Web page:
Give your VDI users the memory they need with server technology from Dell EMC and Intel
Give your VDI users the memory they need with
server technology from Dell EMC and Intel
Intel Optane DC persistent memory in a Dell EMC PowerEdge
R740xd server with 2nd Generation Intel Xeon Scalable processors
Vital to industries like healthcare, education, finance, and more, virtual desktop infrastructure
(VDI) enables users to access their company desktop regardless of where they happen to be
sitting. Traditionally, individual VDI users have just a few gigabytes of RAM to work with. As
a VDI user approaches their memory limit, they may experience frustrating slowdowns that
impact their work and any customers they serve. Banking customers may grow impatient with
slow service. Students may accomplish less during in-class assignments. A healthcare patient
could be left waiting as a nurse tries to access their chart, causing compounding schedule
delays in the clinic.
A VDI solution that provides more memory to each user could result in improved user
experience, greater customer satisfaction, and more productivity. Supporting more users per
server could also enable you to cut down on the number of servers in your data center.
At Principled Technologies, we compared VDI performance between a Dell EMC™
R730xd, a newer PowerEdge R740xd, and a PowerEdge R740xd with Intel®
persistent memory and powered by 2nd Generation Intel Xeon®
The new solution with Intel Optane technology enabled us to support 75 VDI users—3.75
times as many users as a legacy solution and 2.5 times as many as the same server without
Intel Optane memory.
with Intel Optane
compared to a
*Comparison between the Dell EMC PowerEdge R730xd
and the Dell EMC PowerEdge R740xd with Intel Optane
Give your VDI users the memory they need with server technology from Dell EMC and Intel October 2019
A Principled Technologies report: Hands-on testing. Real-world results.
What is Intel Optane persistent memory?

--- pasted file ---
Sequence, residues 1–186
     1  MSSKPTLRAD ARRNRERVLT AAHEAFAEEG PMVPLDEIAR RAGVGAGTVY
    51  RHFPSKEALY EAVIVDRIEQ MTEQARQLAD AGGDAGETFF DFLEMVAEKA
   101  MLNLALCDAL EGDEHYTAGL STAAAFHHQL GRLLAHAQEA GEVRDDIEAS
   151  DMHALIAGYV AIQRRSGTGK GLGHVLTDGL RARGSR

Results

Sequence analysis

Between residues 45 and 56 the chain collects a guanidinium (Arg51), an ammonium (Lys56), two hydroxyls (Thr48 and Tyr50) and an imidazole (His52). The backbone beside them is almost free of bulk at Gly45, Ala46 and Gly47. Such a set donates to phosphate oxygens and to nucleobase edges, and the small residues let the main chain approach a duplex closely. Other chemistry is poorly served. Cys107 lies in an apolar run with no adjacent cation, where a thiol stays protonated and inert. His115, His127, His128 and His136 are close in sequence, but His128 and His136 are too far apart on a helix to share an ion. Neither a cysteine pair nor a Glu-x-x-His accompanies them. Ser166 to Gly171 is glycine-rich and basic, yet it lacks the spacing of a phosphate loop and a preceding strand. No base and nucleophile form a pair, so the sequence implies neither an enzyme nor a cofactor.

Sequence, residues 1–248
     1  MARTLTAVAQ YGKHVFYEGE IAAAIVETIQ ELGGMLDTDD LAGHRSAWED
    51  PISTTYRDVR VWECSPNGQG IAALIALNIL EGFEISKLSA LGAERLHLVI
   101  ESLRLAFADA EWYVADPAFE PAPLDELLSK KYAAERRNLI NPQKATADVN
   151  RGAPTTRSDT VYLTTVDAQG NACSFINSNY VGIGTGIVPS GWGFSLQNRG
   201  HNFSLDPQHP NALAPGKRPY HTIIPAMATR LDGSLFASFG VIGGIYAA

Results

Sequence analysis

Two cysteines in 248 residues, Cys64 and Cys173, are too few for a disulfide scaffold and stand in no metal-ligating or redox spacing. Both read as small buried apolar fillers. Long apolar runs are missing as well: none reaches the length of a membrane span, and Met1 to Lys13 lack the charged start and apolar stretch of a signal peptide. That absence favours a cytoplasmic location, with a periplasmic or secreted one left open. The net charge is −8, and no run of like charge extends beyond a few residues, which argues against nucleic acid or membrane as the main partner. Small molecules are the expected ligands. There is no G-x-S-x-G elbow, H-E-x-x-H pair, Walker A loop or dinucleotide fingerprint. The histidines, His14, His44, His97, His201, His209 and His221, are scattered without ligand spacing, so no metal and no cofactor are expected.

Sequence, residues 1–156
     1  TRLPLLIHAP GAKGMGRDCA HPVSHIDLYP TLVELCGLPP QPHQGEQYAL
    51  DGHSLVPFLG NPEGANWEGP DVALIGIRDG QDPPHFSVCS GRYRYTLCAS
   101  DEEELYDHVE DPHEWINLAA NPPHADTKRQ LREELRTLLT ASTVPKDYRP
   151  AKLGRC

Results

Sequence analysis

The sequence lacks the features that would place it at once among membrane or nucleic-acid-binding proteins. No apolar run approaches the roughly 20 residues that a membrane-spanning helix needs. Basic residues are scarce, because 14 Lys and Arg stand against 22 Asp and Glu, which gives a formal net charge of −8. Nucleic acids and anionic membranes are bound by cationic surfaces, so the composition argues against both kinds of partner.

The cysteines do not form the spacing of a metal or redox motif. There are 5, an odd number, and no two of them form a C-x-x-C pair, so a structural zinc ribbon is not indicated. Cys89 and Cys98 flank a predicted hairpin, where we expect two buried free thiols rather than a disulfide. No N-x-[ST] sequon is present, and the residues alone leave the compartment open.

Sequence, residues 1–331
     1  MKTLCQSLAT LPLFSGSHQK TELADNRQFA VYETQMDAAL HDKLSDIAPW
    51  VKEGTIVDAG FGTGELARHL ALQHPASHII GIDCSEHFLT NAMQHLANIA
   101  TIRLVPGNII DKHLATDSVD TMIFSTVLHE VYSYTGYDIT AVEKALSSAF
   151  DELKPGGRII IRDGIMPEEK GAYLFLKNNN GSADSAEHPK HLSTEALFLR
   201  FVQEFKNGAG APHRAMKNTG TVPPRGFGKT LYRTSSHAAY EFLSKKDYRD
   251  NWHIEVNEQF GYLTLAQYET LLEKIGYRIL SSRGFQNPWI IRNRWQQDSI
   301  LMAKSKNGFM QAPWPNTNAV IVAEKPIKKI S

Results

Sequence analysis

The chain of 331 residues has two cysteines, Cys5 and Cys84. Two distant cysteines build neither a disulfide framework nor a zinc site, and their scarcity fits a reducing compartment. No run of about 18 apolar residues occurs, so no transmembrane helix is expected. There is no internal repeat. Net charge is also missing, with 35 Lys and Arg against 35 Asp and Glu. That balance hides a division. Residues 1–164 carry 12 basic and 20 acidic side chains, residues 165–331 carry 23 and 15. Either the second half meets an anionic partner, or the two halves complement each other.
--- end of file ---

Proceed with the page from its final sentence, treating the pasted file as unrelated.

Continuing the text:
A typical server uses two kinds of devices to process data: RAM
to cache data temporarily, and hard drives or SSDs to store data
indefinitely. Hard drives and SSDs are fairly inexpensive but slower
for the system to access, while RAM is often more expensive but
quite fast. In this way, RAM and storage each make up for the other’s
shortcomings. But, as the amount of data companies use explodes,
companies are beginning to see the limitations of the traditional
According to Intel, the act of data passing back and forth between storage and RAM incurs a considerable
penalty to latency and bandwidth—consequences that can carry over to your customers and end users. Intel
Optane DC persistent memory acts as a hybrid of the two traditional media, potentially reducing the latency and
bandwidth penalties of moving data around separate server components.2
To learn more about Intel Optane DC persistent memory, visit https://www.intel.com/content/www/us/en/
2nd Generation Intel Xeon Scalable Processors
The latest from Intel, the 2nd Generation Intel Xeon Scalable processor platform offers Bronze, Silver, Gold, and
Platinum processors to support the applications you run. According to Intel, the 2nd Generation Intel Xeon Scalable
platform can handle a variety of workloads, including enterprise, cloud, high-performance computing (HPC), storage,
and communications. This new processor line also supports a new memory and storage technology to further accelerate
workloads, Intel Optane DC persistent memory.1
To learn more about the 2nd Generation Intel Xeon Scalable processor family, visit https://www.intel.com/content/
Give your VDI users the memory they need with server technology from Dell EMC and Intel October 2019 | 2
Why does Intel Optane technology matter?
Traditionally, VDI users got by on just a few gigabytes of memory. Today, however, users perform a lot more
memory-intensive tasks, one of the most common being opening multiple internet browser tabs and windows.
This common habit eats up memory quickly, even for users on dedicated systems.
Simply adding more RAM to a VDI solution may not solve the memory problem because of relatively small RAM
capacities. DDR4 memory typically comes in 16 or 32GB sticks and servers have a limited number of DDR slots.
And because of the performance differences between memory and persistent storage in traditional systems,
when memory resources become scarce on a system, data will page out to slower persistent storage. This can
result in applications not launching or frustratingly slow performance while CPU resources remain idle.
Intel Optane DC persistent memory comes in sizes of up to 512 GB, which allows a system to reach memory